GDPR is set to tamper with two fundamental factors that can have a detrimental effect on the implicit trust between financial services providers and their customers: firstly, customers will suddenly be challenged to validate that what they thought companies were already doing – storing and managing their personal data in a manner that is respectful of their privacy – is actually happening. Secondly, the outbreak of stories relating to companies mistreating customer data or exposing customers due to security breaches will increase the chances that customers now seek tangible reassurance from their providers that their data is stored correctly.
The recent news of Facebook’s indiscriminate sharing of 50 million of its members’ personal data to an outside firm has not only led to public outcry but could cost the company $2-trillion in fines should the Federal Trade Commission choose to pursue the matter to its fullest extent. The matter of trust also extends beyond personal data: in EY’s 2016 Global Consumer Banking Survey, less than a third of respondents had complete trust that their banks were being transparent about fees and charges.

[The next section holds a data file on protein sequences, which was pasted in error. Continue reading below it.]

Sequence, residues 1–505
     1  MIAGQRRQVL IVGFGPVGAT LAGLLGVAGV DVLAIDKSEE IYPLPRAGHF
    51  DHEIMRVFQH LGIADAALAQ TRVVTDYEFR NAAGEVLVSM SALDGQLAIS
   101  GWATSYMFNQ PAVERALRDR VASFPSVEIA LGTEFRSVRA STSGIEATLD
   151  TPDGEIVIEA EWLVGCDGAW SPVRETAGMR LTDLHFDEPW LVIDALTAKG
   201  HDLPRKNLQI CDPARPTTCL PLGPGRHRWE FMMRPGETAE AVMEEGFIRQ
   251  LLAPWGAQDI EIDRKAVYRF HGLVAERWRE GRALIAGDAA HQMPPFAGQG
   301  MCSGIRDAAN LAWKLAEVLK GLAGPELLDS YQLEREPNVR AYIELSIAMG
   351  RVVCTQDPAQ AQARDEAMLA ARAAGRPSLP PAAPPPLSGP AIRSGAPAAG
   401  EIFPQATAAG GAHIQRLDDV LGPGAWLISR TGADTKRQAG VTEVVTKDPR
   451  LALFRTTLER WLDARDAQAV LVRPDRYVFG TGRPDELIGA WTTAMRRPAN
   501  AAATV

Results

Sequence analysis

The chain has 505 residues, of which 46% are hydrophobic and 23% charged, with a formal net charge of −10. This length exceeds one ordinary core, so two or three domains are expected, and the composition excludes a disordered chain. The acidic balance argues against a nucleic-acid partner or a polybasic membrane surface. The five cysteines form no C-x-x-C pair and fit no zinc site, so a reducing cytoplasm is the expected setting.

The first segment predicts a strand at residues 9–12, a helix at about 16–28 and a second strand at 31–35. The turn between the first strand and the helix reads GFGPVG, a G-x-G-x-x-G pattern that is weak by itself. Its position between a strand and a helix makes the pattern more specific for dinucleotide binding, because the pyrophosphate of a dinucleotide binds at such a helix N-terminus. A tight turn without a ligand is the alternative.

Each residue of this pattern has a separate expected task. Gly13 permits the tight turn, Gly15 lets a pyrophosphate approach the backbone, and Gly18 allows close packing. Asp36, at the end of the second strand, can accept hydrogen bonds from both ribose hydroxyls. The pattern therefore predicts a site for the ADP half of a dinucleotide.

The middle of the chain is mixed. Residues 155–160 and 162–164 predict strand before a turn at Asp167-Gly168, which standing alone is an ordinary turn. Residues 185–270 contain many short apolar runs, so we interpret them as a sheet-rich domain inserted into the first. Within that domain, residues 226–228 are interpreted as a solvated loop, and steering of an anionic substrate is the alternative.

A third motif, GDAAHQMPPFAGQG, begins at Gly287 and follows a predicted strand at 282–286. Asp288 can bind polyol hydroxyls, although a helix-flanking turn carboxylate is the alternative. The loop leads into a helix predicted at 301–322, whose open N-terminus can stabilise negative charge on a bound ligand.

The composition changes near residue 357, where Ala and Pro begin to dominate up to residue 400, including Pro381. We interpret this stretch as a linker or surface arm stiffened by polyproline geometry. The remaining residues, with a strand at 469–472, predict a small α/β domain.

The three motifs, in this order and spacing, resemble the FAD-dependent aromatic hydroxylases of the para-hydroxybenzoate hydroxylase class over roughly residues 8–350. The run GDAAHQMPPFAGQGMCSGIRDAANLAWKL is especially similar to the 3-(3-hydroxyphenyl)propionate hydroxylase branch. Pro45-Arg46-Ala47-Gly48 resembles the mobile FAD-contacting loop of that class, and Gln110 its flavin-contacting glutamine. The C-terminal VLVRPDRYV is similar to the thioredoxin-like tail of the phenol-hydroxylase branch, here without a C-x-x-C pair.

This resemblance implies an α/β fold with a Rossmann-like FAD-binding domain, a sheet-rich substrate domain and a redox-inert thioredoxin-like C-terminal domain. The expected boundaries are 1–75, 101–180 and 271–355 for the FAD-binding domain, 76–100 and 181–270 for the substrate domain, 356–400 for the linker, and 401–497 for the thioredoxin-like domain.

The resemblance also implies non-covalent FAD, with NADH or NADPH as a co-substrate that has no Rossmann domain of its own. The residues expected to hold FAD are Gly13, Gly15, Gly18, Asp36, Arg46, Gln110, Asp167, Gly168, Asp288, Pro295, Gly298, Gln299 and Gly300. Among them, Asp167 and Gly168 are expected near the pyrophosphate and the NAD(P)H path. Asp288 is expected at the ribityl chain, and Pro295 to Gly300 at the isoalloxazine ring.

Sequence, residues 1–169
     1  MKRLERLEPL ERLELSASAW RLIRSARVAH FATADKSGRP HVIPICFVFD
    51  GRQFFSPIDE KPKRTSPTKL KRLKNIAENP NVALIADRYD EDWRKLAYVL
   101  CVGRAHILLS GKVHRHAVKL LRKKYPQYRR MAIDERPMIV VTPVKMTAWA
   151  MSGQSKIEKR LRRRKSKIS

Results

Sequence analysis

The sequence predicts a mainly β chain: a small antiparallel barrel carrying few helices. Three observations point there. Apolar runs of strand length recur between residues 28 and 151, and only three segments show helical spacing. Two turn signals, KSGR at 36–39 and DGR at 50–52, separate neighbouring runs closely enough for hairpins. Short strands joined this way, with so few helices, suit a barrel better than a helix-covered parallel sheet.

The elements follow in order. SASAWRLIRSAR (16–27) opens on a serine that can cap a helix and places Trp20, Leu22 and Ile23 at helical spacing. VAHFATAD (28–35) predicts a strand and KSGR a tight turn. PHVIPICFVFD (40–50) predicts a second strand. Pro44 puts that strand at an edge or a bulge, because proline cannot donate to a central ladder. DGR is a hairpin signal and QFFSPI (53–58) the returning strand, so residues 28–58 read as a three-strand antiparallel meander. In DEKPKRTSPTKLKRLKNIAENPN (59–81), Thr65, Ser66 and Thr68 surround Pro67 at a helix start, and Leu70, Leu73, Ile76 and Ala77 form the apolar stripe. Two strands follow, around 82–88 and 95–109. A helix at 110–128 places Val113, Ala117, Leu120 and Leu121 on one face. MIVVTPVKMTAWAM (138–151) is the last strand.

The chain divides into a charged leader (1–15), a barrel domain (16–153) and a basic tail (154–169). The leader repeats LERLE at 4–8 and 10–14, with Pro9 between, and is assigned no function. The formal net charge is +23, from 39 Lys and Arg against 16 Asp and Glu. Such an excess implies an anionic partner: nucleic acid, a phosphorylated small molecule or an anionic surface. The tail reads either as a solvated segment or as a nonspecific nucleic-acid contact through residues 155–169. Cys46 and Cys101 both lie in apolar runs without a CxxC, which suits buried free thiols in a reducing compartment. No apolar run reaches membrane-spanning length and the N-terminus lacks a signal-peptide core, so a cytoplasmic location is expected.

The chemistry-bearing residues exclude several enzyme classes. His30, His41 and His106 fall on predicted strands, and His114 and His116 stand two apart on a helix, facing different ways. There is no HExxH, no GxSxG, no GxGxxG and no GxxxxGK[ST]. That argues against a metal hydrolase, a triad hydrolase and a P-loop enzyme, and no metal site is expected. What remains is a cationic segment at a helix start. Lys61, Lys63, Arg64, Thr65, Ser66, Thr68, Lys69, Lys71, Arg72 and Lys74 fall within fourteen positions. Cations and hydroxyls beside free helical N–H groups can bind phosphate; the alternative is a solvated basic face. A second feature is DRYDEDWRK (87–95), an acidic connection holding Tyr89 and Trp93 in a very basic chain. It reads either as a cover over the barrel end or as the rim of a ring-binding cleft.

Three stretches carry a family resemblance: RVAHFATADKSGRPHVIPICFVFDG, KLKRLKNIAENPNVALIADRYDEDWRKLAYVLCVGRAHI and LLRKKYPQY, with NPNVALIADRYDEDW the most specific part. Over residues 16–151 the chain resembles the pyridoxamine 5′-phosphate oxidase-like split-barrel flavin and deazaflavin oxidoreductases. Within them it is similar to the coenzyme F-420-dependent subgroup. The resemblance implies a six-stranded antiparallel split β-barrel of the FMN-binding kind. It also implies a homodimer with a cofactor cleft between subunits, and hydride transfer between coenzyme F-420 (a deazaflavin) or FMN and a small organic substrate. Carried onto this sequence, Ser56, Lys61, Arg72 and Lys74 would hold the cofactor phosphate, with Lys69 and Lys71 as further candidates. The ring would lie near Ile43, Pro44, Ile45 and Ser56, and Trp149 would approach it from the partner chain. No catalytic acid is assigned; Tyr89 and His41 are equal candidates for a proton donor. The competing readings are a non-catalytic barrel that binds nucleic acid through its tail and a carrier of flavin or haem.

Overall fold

This is forcing companies to reconsider their role in building and maintaining trust with its customers. In any customer relationship, much is done based on implicit trust. A personal banking customer will enjoy a measure of familiarity that often provides them with some latitude – for example when applying for access to a new service or an overdraft facility – that can save them a lot of time and energy. Under GDPR and South Africa’s POPI act, this process is drastically complicated: banks may now be obliged to obtain permission to share customer data between different business units (for example because they are part of different legal entities and have not expressly received permission). A customer may now allow banks to use their personal data in risk scoring models, but prevent them from determining whether they qualify for private banking services.
What used to happen naturally within standard banking processes may be suddenly constrained by regulation, directly affecting the bank’s relationship with its customers, as well as its ability to upsell to existing customers.
The risk of compliance